- Research article
- Open Access
Validating the Children’s Depression Inventory in the context of Rwanda
BMC Pediatrics volume 16, Article number: 29 (2016)
Depression is often co-morbid with chronic conditions, and when combined with HIV it can increase progression and reduce survival. A brief and accurate screening tool for depression among children living with HIV is necessary to increase access to mental health care and improve HIV-related outcomes in the long-term.
A validation study was conducted, comparing the Children’s Depression Inventory (CDI) with a structured clinical assessment as the gold standard among children living with HIV ages 7-14 years in Rwanda. The response rate was 87 % and the analysis was performed among 100 study participants.
Twenty-five percent of children had a diagnosis of depression based on the clinical interview. Sensitivity of the CDI ranged from 44 to 76 % and specificity was 92 to 100 % for cut-off scores from 5 to 9. The area under the curve (AUC) for receiver operating characteristic analysis, an estimate of overall accuracy, was 0.87 (95 % confidence interval: 0.77 – 0.97).
The significant prevalence of depression among children living with HIV in Rwanda reflects a critical need to advance mental health care in this population. Although overall accuracy of the CDI is reasonable in this context, further research needs to be done to develop a more sensitive measure of depression in this vulnerable population. Development of a highly sensitive screening measure will be a fundamental step towards improving access to mental health care among children living with HIV, potentially improving health outcomes and quality of life in the long-term as this vulnerable population transitions into adulthood.
Depression has been shown to have a significant burden on people living with HIV (PLH) and can result in an increased risk of opportunistic infection and mortality [1, 2]. In Rwanda, antiretroviral medications (ARVs) are available throughout the country and increased survival has resulted in HIV becoming a chronic illness in this context. However, with chronic conditions there is an increased risk of depression [3, 4]. With respect to HIV, depression has been associated with reduced adherence to ARVs [5, 6] and poor quality of life [7–9]. Among children living with HIV, depression has also been documented as being co-morbid [10, 11], similar to other chronic diseases that require life-long treatment. While prioritizing the mental health needs of children living with HIV is vital to national health programs, thus far, the mental health care in this high risk population has been neglected, particularly in settings or populations with limited resources .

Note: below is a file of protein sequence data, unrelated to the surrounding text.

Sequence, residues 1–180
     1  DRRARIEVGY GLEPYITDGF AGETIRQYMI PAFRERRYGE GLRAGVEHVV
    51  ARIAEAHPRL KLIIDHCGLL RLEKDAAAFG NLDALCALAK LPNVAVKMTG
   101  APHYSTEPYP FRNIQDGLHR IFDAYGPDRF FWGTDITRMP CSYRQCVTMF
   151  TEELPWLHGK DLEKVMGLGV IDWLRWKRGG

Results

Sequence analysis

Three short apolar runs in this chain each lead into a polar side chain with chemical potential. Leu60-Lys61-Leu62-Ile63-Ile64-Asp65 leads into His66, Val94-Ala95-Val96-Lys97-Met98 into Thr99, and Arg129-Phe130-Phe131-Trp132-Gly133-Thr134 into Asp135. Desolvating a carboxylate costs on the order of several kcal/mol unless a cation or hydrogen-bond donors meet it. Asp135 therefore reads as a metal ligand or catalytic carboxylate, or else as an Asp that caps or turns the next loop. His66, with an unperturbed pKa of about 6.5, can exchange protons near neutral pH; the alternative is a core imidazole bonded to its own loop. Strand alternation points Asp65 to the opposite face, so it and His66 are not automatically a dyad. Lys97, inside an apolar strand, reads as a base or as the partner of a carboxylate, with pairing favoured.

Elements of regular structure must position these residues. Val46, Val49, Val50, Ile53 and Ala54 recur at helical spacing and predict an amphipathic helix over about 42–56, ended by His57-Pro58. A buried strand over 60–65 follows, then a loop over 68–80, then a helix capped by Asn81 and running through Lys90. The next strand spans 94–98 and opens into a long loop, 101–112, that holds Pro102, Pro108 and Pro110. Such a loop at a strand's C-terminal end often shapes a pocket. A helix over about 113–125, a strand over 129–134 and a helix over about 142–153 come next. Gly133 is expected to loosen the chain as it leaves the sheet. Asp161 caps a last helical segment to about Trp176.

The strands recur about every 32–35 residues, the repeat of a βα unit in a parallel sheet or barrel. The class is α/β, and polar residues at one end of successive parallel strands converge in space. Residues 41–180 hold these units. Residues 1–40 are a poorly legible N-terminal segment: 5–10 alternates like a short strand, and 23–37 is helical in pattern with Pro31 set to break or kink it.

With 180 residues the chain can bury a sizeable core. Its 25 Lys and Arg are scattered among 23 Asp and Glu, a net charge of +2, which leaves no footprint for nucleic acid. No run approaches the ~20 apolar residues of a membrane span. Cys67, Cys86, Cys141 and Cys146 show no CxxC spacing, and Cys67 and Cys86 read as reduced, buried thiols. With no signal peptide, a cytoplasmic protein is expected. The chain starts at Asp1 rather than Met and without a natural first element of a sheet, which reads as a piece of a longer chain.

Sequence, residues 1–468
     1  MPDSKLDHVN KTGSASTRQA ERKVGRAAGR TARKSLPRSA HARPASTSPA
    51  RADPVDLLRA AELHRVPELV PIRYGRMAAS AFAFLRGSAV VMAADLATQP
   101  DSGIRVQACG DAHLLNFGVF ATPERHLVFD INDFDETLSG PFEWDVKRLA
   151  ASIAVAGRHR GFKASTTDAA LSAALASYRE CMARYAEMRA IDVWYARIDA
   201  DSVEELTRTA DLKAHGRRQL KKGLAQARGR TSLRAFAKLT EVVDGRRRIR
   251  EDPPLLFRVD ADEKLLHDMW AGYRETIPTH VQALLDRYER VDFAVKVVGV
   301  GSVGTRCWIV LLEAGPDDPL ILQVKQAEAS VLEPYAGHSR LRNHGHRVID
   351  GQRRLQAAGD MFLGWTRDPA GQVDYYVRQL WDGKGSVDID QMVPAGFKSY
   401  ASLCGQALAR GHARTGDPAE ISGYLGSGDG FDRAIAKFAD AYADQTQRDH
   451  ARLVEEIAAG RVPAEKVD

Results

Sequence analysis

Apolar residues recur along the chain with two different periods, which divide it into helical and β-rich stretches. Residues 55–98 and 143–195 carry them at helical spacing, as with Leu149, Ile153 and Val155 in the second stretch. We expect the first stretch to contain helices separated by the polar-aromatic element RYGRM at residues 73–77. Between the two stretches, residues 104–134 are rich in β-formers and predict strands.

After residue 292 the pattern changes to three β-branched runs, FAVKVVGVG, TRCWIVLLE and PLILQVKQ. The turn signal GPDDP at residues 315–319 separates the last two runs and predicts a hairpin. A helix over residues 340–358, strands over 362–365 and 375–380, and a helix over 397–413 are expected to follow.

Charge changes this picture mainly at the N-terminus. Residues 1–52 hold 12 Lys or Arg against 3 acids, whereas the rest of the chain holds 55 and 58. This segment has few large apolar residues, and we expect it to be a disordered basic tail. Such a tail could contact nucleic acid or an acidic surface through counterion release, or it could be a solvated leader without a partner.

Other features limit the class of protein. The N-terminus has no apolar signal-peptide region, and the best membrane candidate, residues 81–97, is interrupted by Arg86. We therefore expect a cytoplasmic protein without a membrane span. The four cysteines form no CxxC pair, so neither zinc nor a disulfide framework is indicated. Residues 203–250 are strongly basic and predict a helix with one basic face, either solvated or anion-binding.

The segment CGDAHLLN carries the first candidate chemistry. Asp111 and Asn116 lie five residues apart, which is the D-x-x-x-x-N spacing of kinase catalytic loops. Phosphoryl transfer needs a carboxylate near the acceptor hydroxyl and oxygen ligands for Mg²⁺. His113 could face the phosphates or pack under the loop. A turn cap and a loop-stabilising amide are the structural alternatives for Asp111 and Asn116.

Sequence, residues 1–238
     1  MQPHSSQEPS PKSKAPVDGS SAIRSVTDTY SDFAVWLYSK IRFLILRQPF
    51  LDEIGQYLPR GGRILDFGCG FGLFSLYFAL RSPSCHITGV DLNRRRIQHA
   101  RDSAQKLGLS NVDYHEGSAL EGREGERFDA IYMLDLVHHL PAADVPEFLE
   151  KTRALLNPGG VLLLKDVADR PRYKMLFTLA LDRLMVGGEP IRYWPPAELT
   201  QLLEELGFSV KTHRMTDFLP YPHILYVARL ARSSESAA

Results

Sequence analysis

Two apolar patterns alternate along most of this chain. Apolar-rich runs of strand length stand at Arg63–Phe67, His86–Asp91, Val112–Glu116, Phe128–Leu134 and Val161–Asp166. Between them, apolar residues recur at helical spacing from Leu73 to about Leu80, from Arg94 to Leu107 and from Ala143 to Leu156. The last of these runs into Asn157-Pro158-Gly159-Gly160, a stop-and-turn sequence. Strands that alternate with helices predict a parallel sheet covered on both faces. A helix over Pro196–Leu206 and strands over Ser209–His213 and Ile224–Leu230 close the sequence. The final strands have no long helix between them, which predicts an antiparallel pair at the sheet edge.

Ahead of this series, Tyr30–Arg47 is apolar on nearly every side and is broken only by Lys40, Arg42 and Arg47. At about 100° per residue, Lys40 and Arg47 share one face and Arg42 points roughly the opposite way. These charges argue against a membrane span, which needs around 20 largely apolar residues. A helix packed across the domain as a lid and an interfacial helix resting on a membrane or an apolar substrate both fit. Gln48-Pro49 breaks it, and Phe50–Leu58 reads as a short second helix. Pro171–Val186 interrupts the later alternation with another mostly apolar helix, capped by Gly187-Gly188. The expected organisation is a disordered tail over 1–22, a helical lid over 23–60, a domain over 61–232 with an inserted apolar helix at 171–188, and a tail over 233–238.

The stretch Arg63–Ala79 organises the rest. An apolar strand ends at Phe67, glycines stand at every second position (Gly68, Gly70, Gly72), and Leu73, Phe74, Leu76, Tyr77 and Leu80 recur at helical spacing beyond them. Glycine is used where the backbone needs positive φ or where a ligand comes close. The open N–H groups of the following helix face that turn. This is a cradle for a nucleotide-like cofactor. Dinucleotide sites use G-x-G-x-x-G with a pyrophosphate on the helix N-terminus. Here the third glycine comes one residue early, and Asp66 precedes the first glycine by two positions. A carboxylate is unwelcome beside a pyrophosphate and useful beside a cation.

In Rwanda, the mental health needs of children are likely to be greater given the country’s history of trauma and economic insecurity [13, 14]. It has been shown that when a community experiences widespread trauma which greatly affects the social and cultural fabric, children of the following generations often continue to display symptoms of psychological trauma . Depression among children has been documented in Rwanda  and mental health care should be a high priority, in part due to the economic hardships and the legacy of genocide that has placed their parents or caregivers at high risk of depression . The history of trauma may also exacerbate the impact of HIV on children in Rwanda, where there is an estimated 22,000 children living with HIV under 15 years of age . HIV-related stigma has also been observed to significantly increase the risk of depressive symptoms among youth in this context.  For these reasons, it is critical to identify children suffering from depression to increase access to treatment and quality of care in this vulnerable population.
Despite this critical need for care, there is currently no screening instrument for depression that has been validated among children living with HIV in Rwanda. Given the comorbidity of depression and HIV, an integrated treatment approach may increase access to mental health care and improve HIV-related outcomes . An initial step towards linking mental health and HIV care among children would be the availability of a valid screening tool for depression to identify those with elevated symptoms that would benefit from treatment. This would advance access to care for depression in a system that has demonstrated increasing capacity to offer decentralized services through a network of district hospitals and community health centers. In addition, care for depression among children living with HIV would also be available through Rwanda’s progressive national health system that provides subsidized insurance for many below the poverty level. In light of the burden of depression in this at risk population and the potential for increasing access to services, the primary aim of this study is to examine the validity of a commonly used measure of depression, the Children’s Depression Inventory (CDI), among a group of children suffering from HIV receiving antiretroviral treatment in Rwanda.
Study design and sampling
A validation study was implemented in Rwanda from December 2011 to April 2012, comparing the CDI with depression as determined by professional psychologists trained in the use of a structured instrument based on the criteria for major depressive disorder in the DSM-IV  and ICD-10 . Study participants were Rwandan children living with HIV, 7-14 years of age, who were aware of their HIV status and receiving antiretroviral treatment (ART) for at least 6 months.